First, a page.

Tuesday, July 09, 2013

The language of Sport – only mangle the grammar if you have to!


This is about adjectives. Is there a difference between an “Australian cricketer” and an “Australia cricketer” – aside from the fact that the former is a grammatically correct construct and the latter isn't. “Australia” is a proper noun not an adjective – “Australian” is the adjective which describes something or somebody that comes from Australia. OK - but what if there is confusion as there is in this case. An “Australian” cricketer might not be an international Australian cricketer. He/She could be any person of Australian nationality who plays cricket. So we introduce the ungrammatical but clearer “Australia cricketer” to describe the international. But do we need to? Take this entry in Wikipedia for example

List of Australia Test cricketers

There is no reason at all why the grammatically correct “Australian” could not be used here. The entry is defined as being about Test cricketers so there is no doubt what we are talking about. “List of Australian Test cricketers” would have exactly the same and equally unambiguous meaning – but it would be good grammar as well – why not use it?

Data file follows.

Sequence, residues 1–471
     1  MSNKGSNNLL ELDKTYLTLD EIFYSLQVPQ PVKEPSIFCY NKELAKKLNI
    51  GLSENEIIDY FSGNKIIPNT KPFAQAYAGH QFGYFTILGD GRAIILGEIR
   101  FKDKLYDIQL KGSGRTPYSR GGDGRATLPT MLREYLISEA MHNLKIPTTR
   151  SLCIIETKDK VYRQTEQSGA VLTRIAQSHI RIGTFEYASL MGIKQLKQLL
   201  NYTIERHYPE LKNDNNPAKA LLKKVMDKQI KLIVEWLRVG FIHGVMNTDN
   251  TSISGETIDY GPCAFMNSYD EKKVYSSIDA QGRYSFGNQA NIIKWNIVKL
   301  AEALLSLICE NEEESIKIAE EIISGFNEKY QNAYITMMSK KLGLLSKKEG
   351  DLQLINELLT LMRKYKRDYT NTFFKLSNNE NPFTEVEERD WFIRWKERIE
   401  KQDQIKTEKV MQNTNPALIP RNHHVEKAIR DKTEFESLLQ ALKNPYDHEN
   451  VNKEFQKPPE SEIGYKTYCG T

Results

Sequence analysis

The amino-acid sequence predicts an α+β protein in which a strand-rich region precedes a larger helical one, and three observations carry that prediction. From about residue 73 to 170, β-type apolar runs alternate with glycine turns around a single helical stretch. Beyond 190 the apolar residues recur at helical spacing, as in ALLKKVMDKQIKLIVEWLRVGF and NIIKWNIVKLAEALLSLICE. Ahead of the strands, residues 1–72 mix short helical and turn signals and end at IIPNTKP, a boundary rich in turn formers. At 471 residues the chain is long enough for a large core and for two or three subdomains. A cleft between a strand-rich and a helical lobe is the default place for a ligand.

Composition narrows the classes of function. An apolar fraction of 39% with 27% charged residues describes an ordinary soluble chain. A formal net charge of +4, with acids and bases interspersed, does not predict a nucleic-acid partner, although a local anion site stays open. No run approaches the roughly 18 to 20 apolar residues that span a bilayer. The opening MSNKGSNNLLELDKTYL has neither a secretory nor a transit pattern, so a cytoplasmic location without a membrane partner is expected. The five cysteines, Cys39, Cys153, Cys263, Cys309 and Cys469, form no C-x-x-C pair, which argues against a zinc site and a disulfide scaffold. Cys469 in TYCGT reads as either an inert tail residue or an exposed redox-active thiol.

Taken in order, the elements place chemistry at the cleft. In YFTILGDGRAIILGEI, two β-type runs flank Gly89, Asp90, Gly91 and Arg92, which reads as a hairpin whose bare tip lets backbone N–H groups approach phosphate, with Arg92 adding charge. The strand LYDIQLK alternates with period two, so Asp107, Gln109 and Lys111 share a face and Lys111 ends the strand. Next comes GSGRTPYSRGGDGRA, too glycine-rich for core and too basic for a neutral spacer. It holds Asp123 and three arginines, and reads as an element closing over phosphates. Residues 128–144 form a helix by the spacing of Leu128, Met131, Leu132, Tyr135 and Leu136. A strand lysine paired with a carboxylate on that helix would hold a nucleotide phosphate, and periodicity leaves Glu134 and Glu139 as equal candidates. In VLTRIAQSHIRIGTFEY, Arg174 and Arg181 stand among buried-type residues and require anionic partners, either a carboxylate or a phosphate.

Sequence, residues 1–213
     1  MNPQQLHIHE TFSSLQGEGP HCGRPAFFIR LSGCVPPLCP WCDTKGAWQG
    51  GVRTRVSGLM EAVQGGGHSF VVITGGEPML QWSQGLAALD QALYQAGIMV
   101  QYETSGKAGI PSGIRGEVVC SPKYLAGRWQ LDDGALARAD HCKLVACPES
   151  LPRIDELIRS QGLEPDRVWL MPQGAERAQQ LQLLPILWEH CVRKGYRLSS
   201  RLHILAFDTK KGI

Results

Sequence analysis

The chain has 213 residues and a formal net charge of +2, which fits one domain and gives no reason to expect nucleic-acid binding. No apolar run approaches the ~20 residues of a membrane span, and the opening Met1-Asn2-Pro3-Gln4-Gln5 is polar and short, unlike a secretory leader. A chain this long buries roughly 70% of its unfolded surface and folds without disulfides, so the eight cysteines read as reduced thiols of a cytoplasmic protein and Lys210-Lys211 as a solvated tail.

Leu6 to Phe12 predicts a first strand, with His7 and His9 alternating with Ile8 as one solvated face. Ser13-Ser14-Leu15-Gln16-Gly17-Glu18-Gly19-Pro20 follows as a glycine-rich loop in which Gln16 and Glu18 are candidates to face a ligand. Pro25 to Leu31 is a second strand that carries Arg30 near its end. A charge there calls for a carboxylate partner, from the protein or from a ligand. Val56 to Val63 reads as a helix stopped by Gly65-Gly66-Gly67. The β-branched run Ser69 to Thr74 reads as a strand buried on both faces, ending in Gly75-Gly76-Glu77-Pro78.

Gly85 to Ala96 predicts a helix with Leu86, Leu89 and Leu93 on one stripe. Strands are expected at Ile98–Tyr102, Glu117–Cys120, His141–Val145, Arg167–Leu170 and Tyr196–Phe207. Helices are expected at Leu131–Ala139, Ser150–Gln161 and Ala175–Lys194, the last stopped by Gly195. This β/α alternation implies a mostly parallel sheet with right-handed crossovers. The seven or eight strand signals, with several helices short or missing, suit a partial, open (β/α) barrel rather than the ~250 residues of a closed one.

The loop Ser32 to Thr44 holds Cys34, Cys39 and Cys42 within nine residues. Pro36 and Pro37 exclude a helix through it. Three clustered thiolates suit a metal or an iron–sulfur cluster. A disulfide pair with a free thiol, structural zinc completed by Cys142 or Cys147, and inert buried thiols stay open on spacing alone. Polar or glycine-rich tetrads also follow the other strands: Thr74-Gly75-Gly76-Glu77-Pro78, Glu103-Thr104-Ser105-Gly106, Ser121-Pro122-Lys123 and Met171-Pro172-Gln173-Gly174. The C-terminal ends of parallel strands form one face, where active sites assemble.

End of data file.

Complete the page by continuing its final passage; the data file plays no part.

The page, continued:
Here’s another from SkyBet:

Ashes Top Australia Batsman Betting Odds

Again the use of “Australian” instead of “Australia” would be correct and not ambiguous. My contention is that in the vast majority of cases there is no need to use a noun as an adjective at all. In respect of the two examples which open this article why not use a slightly longer but grammatical term? So “Australian Test cricketer” or “Australian International cricketer” to avoid confusion. it sounds better as well. As is always the case in language clarity is everything. “Australian Cricketer” is ambiguous – out of context anyway. So if the context of the usage doesn't make it clear then clarify – e.g. by adding the word “Test”. There’s no need to screw up the grammar and to use nouns as adjectives – ever!'

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